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Photo Retouching "Improving" photos, post-production, correction, etc.

Bad Skin

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  #1  
Old 07-01-2012, 08:13 AM
Aleks Mind Aleks Mind is offline
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Question Bad Skin

Hi all! I hame a little problem with one photo

http://s017.radikal.ru/i414/1207/38/d1ec1cc2e09f.jpg


I can dodge and burn it, but it will take so much time to make cool result.
but i want to make it more faster, and i don't want do it bad

maybe it can be little smooth then make noise + dodge and burn

Maybe you have an answer?)

help!)
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  #2  
Old 07-01-2012, 08:50 AM
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oneredpanther oneredpanther is offline
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Re: Bad Skin

If the final output is for web, or you're not totally neurotic about it being perfect, you could fix that with the healing brush in about 10 minutes - 99% of people would never notice.
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Old 07-01-2012, 03:52 PM
skoobey skoobey is offline
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Smile Re: Bad Skin

DNB it, it'll take much less time than you think and you'll save yourself from all the frustration of trying other methods that won't work.
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  #4  
Old 07-02-2012, 08:03 AM
julianmarsalis julianmarsalis is offline
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Re: Bad Skin

I would use a bit of healing brush and try a IHP layer masked to get rid of the gunge if done well hardly noticeable.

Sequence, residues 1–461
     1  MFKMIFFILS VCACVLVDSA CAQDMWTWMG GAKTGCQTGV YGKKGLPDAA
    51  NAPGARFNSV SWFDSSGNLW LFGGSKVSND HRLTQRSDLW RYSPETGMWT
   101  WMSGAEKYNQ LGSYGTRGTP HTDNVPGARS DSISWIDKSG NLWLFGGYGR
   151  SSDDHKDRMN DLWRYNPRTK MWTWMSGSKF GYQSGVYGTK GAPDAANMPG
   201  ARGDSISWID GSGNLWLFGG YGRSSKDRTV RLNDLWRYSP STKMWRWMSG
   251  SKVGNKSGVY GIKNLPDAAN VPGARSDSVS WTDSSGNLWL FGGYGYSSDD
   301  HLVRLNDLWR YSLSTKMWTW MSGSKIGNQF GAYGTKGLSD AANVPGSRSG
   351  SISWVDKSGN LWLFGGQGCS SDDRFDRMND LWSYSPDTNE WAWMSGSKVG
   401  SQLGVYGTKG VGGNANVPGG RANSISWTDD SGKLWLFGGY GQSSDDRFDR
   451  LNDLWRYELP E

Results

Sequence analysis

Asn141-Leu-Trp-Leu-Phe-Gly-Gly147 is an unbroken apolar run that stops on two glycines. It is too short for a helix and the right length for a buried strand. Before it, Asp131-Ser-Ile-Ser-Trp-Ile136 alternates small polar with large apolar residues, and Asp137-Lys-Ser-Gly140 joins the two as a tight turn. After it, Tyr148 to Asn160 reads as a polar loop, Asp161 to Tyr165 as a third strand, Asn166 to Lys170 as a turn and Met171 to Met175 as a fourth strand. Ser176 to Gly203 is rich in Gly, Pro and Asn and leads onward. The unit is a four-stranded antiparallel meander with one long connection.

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Old 07-02-2012, 09:41 PM
kav kav is offline
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Re: Bad Skin

I'd probably turn off sharpening, rebuild the blemishes, and d/b the rest of it at 100%. This is very basic work. You should put some mild thought into this. If you don't like the texture of an area at all (say you dislike the circular bumps) rebuild it. If you burn/dodge it until it goes away, it will look like nothing. If it's an issue of toning down, d/b works. I could do such an area within a few minutes. Once you start getting rid of the big stuff, the other stuff will no longer look like such a daunting issue.

I really mean a "few minutes". You should be able to visualize how it should look so you only change what is necessary.
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Old 07-02-2012, 10:16 PM
edgework edgework is offline
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Re: Bad Skin

Despite the oppressive influence of the blemishes, the frequency of the actual skin texture can be discerned in between them, and that has to be the foundation for any repair work. If you simply dodge and burn, you'll trade a pattern of bumps for a pattern of flat spots. No one technique will get the job done. D&B to even out the tones, but healing / cloning is essential, as well as some judicious sharpening. This took about twenty minutes.